What changed with gasoline that caused such a big shift in its distribution and price?
Octane. Since the very early days of gasoline, octane has been a major issue. The early gasoline engine was almost doomed to failure by the fact that it was hard to control the burn of early automotive gasoline, and if it burned too quickly, the engine would knock, and engine damage would occur. Ironically, ethanol had its chance to be the first octane-enhancer of choice, but lost out to the lead industry. Lead was added to gasoline between the mid 1920's and the mid 1970's to boost the octane, which slowed down the burn of gasoline. This lead octane-enhancer additive was removed from gasoline in the mid 1970's because lead poisoned the catalytic converters that all new automobiles were required to have.
The phase out of lead in the mid 1970's was the biggest change in the history of gasoline. Fortunately, there was a more effective alternative, an octane-enhancer and blending agent known as MTBE, methyl tertiary-butyl ether. An octane blending agent makes up a larger percentage of the gasoline whereas an additive makes up a small percentage of the final gasoline product. MTBE could add 10-15% to the gasoline supply compared with lead's additional 1%.
MTBE was the lead substitute of choice for the last 30 years (until 2006), providing for a homogeneous and easy to produce supply of gasoline which integrated other fuel components into the fuel stream, namely, cheap methanol and liquid petroleum gasses (LPGs). Methanol and LPGs cannot be added to gasoline separately, but when the two components are chemically combined together, they produced MTBE.
Most common composition of gasoline you get at the pump today:
* 89% low octane base gasoline
* 10% octane blending agent (adding the octane to gasoline)
* <1% additives (detergents, anti-corrosive agents, etc.)
After loosing the octane-enhancer game to lead in the mid 1920's, ethanol is once again making another major appearance in our gasoline supply as the subsidized orphan child of the octane game. Ethanol is an inferior blending agent to other alternatives that are available to refiners when making gasoline. .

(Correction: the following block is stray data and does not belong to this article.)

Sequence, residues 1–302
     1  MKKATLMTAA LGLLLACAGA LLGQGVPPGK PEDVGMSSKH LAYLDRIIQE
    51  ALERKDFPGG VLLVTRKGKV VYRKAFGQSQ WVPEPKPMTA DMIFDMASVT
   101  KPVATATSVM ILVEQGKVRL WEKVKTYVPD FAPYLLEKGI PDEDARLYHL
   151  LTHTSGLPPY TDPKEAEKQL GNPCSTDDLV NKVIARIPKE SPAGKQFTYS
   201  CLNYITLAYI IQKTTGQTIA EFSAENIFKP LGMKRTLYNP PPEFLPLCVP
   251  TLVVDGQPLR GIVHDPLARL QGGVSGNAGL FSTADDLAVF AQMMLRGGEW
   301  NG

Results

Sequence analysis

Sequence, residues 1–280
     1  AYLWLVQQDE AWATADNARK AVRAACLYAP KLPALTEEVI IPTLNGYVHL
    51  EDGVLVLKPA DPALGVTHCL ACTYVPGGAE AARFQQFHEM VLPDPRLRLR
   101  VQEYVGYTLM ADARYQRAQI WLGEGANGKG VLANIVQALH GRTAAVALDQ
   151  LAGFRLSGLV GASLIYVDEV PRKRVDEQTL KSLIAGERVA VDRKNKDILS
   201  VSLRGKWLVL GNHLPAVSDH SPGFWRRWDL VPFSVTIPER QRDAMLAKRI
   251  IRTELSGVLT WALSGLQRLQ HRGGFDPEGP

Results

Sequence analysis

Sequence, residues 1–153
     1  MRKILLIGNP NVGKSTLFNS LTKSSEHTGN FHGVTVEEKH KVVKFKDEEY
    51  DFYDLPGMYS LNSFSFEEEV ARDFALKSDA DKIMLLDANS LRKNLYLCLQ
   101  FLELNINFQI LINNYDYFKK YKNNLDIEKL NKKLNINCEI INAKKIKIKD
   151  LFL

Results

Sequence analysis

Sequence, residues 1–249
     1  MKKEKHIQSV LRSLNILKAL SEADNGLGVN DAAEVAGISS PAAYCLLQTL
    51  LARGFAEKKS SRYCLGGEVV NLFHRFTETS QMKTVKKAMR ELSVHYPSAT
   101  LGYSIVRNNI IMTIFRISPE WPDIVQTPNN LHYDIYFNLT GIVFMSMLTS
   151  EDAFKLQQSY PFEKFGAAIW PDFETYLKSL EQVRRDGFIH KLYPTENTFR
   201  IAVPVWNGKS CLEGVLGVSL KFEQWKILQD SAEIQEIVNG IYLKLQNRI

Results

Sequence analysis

Adding ethanol to gasoline requires clean burning liquid petroleum gas (LPGs) such as, butane, to be removed from the gasoline because ethanol causes LPGs to leach out, resulting in an increase in ground level ozone pollution-SMOG. This is especially true in the summer months in "conventional gasoline areas" which have an EPA waiver that allows gasoline with 10% ethanol to emit more smog producing gasoline vapors. Gasoline supply wasted into thin air to accommodate ethanol! In addition, many of the other blending agents are made from natural gas, meaning the refiner can choose to use natural gas, or crude oil, as the feedstock for a major portion of the gasoline. Ethanol limits the use of other commonly available blending agents sourced from clean and abundant natural gas supplies. MTBE, which a major portion can be made up of natural gas which can be supplied from large US reserves, and added to gasoline at an average of 15%. This supply of clean and efficient blending agent is gone from the market because old underground gasoline tanks leaked and polluted drinking water supplies. MTBE is very difficult to remove once it has contaminated ground water. Several states banned MTBE for this reason, and a flood of lawsuits on contaminated ground water resulted in MTBE being voluntarily removed from gasoline by the oil companies. MTBE has been replaced with ethanol, which is produced in resource intensive and destructive process of growing, fermenting corn, which historically has been an important food product.
The massive instability we are experiencing in the gasoline market is because of OCTANE and our need to enhance gasoline with it:
* Purging MTBE reduced the gasoline supply and
* Ethanol is an inferior blending component.
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